When you’re in the middle of a project and something goes wrong, you don’t always have time wait on the phone for Apple tech support to help. You just want to get the issue fixed fast, so you can continue your work.
While MACs have a reputation for being fairly user-friendly and glitch-free, that doesn’t mean they don’t still have their issues. This is compounded by the fact that they can be rather pricey as compared to Windows PCs, so users tend to keep them in use longer. And as with any computer, the longer you use it, the more problems can crop up.
Knowing a few tips and tricks to troubleshoot issues can save you a lot of time and frustration. The Pro Tech Guy team put together this handy MAC troubleshooting guide to give you tips for solving some of the most common issues that can be corrected if you know what to do.
We’ve included our years of computer repair and technical support experience in this guide and hope that it’s a helpful reference for you when you’re in a pinch.
Boot and Startup Issues
One of the most frustrating computer problems is not being able to turn your computer on or have it boot properly.
If Your iMac or MacBook Won’t Turn On
First try the obvious:
Make sure the power cord is secure and hasn’t become loose from your computer
Check the plug into the outlet to make sure it’s secure
Check something else in the same outlet to ensure it’s working
If using a surge protector, make sure the switch didn’t get turned off
Change outlets to check if it will turn on with a different one
Disconnect all peripherals (printers, additional screen, etc.) and try again
If you’ve tried everything and you’re still getting a black screen, it will need to be looked at, and you can bring it in to Pro Tech Guy.
Your Mac is Stuck at a Grey Screen and Won’t Boot
If you get the screen loading with the Apple icon and your computer won’t go past that point, there is most likely something wrong with the booting process. This can be a software issue, hardware issue or something else. Here are some things to try.
Boot in Safe Mode: This will run additional diagnostics during boot to try to fix any issues. Hit the power button and press and hold the Shift key. You can release the Shift key after the Apple logo has gone and the login screen appears.
If this works and you’re logged in properly, you can run a file check by opening the Terminal and typing ‘fsck -fy’ and hit enter. This will take a few minutes.
Boot in Diagnostic Mode: The next thing to try is running your Disk Utility by booting in Diagnostic Mode. Hit the power button and press and hold Command+R.
If this is successful, you’ll have the ability select a Disk Utility Option to run a diagnostic. Select your hard drive and click “Verify.” Then wait for it to finish. If you see a problem, click “Repair Disk.”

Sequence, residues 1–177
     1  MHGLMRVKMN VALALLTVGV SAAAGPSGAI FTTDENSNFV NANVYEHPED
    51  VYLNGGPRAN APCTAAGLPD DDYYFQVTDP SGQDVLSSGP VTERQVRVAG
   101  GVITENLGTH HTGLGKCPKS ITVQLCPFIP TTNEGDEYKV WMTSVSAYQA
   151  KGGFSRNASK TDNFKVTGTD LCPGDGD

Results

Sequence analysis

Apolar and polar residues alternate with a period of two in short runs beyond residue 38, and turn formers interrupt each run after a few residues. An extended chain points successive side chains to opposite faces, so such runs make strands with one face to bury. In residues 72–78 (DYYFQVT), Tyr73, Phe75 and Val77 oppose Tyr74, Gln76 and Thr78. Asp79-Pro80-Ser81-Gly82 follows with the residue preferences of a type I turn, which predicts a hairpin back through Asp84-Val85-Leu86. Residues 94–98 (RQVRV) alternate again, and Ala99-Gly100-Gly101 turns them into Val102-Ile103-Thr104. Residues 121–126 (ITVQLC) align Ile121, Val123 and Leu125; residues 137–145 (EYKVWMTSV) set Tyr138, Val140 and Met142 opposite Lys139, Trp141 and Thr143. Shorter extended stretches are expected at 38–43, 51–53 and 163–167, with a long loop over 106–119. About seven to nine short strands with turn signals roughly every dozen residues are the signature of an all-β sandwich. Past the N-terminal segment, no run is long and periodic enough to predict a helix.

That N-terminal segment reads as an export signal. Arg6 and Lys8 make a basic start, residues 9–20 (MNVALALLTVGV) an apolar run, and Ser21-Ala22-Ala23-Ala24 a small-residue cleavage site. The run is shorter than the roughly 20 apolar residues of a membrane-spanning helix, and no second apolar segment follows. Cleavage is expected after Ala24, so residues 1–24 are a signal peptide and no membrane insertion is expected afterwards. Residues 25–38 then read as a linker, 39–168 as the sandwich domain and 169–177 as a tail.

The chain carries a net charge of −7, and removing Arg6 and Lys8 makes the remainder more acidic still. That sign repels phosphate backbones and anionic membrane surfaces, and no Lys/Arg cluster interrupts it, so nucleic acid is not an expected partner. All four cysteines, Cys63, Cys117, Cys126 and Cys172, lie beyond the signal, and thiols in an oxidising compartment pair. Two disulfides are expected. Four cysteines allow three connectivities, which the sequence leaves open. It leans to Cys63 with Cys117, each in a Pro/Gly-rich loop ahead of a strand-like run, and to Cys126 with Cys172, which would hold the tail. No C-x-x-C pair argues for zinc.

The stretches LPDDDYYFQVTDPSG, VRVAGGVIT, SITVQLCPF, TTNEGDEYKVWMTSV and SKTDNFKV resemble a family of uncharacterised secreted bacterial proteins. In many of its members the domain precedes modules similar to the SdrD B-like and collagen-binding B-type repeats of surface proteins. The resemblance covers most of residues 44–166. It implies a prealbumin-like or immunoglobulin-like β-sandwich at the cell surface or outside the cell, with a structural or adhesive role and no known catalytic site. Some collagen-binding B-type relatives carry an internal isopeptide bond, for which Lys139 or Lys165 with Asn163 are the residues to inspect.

Reset the NVRAM: This is a common fix for many different types of problems, which include booting issues. Hit the power button and press and hold Command + Option + P + R until you hear your computer restart, then release the keys.
Reset the SMC: If the NVRAM reset doesn’t work, next you can try resetting the System Management Controller (SMC). This one involves removing the power cord and has the following steps:
Shut off your Mac
Remove the power cord completely for 20 seconds
Reattach the power cord
Boot your computer
Screen & Performance Issues
Your Computer is On, but the Screen is Black
This one can drive you crazy at first because you might think your computer isn’t booting. But if you hear the normal sounds, it could just be that it’s stuck but is actually booted.
If this happens, try putting it to sleep with a keyboard command and waking it up again. Hold the S and Power button for 15 seconds and let go of the keys once you hear the fan stop. Then wait another 15 seconds and try to reboot it.
Stuck Programs or Spinning Wheel
There are two ways you can clear up programs that are hogging all your resources and causing your screen to freeze up.
Force Quit: Hold Command + Option + Escape, the Force Quit Application window will come up, choose the stuck program and click “Force Quit.”
Activity Monitor: Use the Finder to go Applications > Utilities > Activity Monitor. When you open the Activity Monitor, it will show you all the processes currently running and how much memory they’re taking. You can force quit apps from the window
If your computer has gotten slow, you may be low on disk space. Apple recommends having a minimum of 10% free. You can check this by selecting the Apple icon at the top left and choosing About This Mac, then Storage.
This window will also have a “Manage” button that will help you identify ways to free up disk space such as optimizing storage and reducing clutter.
One other possible fix is to add memory. On iMacs, you can find a Memory option when you access About This Mac and view whether you have available slots. Often an upgrade in memory can significantly speed up your computer.
If All Else Fails, Call A Pro!
If you’re still experiencing problems, give us a call! The Pro Tech Guy team can perform expert diagnostics to find out what’s wrong and get it taken care of for you. We also offer fast emergency services!
Having MAC issues? Call us at 508-364-8189 or use our contact form.